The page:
Ivica Dacic laid bare the mechanism of political influence over the police and the prosecutor’s office by saying that the only reason Jonuz Musliu won’t be “arrested” is the fact that Aleksandar Vucic “makes sure that his actions don’t cause additional damage or turn Musliu into a victim”. The Serbian foreign minister explained that, “in any country”, because of what he said, Musliu would be questioned by the prosecutor and that what is happening here is not a reflection of “our weakness, but our strength and wisdom to control the situation”. With this, Dacic in fact demonstrated that politics controls the police and the prosecution, which was also evident in numerous other examples, most notably Savamala.
His claim that Musliu would be questioned by the prosecutor in any other country is tragic. Let’s hope that by “any country” he means a country where rule of law applies and where the prosecution and the police are doing their job instead of taking care of international relations, ratings, or threats of demonstrations against some arrest, etc.
This admission of control over the police by executive power took the spotlight off another devastating fact which was evident from this short statement – the minister of foreign affairs claims that, by giving the statement that he did, Musliu has committed a crime (although he didn’t say which one). If political relations were different, he might have called upon the prosecutor and the police to arrest Musliu.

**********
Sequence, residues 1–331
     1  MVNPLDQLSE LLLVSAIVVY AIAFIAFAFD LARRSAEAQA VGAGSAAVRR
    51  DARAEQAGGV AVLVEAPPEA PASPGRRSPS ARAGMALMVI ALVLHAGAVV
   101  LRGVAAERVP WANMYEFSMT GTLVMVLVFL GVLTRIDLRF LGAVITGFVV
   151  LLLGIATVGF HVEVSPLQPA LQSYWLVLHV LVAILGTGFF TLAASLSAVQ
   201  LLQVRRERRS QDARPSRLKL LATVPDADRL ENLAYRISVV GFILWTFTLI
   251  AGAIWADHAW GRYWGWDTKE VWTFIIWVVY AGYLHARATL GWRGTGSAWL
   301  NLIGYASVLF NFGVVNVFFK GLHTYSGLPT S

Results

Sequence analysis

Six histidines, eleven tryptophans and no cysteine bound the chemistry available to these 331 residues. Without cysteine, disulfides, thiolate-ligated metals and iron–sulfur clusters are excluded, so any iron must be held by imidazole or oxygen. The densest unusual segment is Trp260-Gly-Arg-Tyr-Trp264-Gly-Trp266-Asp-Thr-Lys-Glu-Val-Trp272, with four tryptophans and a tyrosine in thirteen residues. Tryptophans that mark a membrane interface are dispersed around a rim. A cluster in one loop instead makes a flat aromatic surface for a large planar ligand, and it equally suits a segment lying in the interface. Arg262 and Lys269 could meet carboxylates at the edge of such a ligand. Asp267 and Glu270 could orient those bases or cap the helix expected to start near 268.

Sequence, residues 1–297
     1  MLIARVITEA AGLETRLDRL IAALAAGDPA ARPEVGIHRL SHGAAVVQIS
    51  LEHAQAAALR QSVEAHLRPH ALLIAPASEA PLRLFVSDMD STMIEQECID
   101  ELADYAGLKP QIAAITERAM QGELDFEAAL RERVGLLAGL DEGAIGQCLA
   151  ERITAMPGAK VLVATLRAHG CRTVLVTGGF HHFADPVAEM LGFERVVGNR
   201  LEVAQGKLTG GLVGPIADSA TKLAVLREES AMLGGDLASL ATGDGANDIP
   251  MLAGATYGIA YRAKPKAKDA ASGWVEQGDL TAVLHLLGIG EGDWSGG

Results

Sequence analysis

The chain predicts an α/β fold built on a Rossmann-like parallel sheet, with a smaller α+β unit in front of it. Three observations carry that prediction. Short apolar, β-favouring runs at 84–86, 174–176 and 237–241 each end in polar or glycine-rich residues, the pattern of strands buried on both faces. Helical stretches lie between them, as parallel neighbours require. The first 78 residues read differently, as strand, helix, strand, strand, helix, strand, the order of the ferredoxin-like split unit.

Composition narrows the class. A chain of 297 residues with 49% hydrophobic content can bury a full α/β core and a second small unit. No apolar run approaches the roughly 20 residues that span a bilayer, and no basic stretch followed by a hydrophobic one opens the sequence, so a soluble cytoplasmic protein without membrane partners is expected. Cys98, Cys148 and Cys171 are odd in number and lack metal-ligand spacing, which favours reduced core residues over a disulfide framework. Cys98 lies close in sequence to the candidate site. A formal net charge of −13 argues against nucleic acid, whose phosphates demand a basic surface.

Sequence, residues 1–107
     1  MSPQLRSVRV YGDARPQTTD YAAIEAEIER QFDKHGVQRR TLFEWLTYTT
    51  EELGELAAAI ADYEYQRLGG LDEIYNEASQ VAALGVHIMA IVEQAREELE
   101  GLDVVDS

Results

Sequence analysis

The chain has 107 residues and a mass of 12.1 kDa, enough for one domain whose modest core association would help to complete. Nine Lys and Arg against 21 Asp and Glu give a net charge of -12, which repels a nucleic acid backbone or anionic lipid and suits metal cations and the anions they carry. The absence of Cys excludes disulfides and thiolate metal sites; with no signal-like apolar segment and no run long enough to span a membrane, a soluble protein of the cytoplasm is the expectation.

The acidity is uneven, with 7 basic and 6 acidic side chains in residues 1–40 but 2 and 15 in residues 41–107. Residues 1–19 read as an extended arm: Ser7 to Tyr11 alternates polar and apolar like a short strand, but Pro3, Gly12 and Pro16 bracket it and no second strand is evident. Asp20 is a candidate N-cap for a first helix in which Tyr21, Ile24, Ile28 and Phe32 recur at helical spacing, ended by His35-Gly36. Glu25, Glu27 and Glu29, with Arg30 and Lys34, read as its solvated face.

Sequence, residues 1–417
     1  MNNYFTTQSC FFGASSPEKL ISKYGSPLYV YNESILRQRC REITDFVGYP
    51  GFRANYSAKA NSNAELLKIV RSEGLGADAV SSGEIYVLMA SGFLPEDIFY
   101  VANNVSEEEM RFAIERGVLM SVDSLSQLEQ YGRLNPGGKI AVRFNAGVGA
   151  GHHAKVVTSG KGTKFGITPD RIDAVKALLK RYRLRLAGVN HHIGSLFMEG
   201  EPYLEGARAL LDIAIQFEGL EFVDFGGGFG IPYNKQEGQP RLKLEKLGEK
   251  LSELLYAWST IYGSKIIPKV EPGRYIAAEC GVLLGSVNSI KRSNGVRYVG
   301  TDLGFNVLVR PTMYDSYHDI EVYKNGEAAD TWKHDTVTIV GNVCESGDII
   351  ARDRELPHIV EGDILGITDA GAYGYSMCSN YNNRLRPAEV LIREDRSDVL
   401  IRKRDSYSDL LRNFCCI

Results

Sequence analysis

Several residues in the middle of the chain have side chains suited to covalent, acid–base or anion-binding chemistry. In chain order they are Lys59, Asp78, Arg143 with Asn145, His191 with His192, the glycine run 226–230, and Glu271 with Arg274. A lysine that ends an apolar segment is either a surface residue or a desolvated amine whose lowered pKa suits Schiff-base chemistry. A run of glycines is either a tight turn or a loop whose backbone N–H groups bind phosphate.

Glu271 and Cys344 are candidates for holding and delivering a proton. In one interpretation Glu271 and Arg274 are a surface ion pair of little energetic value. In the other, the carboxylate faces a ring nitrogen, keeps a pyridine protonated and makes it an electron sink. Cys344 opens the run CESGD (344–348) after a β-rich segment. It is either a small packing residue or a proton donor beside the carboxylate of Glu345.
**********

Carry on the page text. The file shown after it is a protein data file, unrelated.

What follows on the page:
Several months ago, prime minister Vucic thought along the same lines when he said that he won’t “send” the police to assist local authorities with demolishing an illegal building built by a powerful local official because it could “cause a conflict between Orthodox Christians and Muslims”. In this religious segregation of those who violate and defend the law, he omitted the fact that Muamer Zukorlic, who built the illegal building, is a countryman of all those who wanted to legally (and by daylight) demolish the building. Zukorlic then supported Vucic in the elections and we all forgot about illegal buildings.
When it’s convenient for Vucic, even an unspoken threat of ethnic tensions or demonstrations becomes an excuse to suspend the rule of law. It became his hobby and one of his favorite activities. He does this when there’s a chance of scoring some points in Brussels, Berlin, Washington, or purchasing a new coalition partner, while using aggressive media manipulation to present the defeat of the rule of law as the wisdom of a statesman.
However, when the media, the public, his political opponents, protesters are seeking some minister’s resignation, Vucic is determined not to give in to “the street”. When asked what has been going on with the investigation into the identity of the those who ordered the demolition in Hercegovacka street and prevented the police from doing their job – Vucic and his comrades state that it should be left to the prosecutor’s office.
Of course, we are not naïve. We know that (almost) every government is prone to manipulation of the police and the media. However, “in any country” it’s being done secretly, while here the officials brag to their wives or urbi et orbi – to the city and the world – about demolishing the rule of law.
The author is a journalist from Belgrade and associate of Transparency Serbia.
Translated by Marijana Simic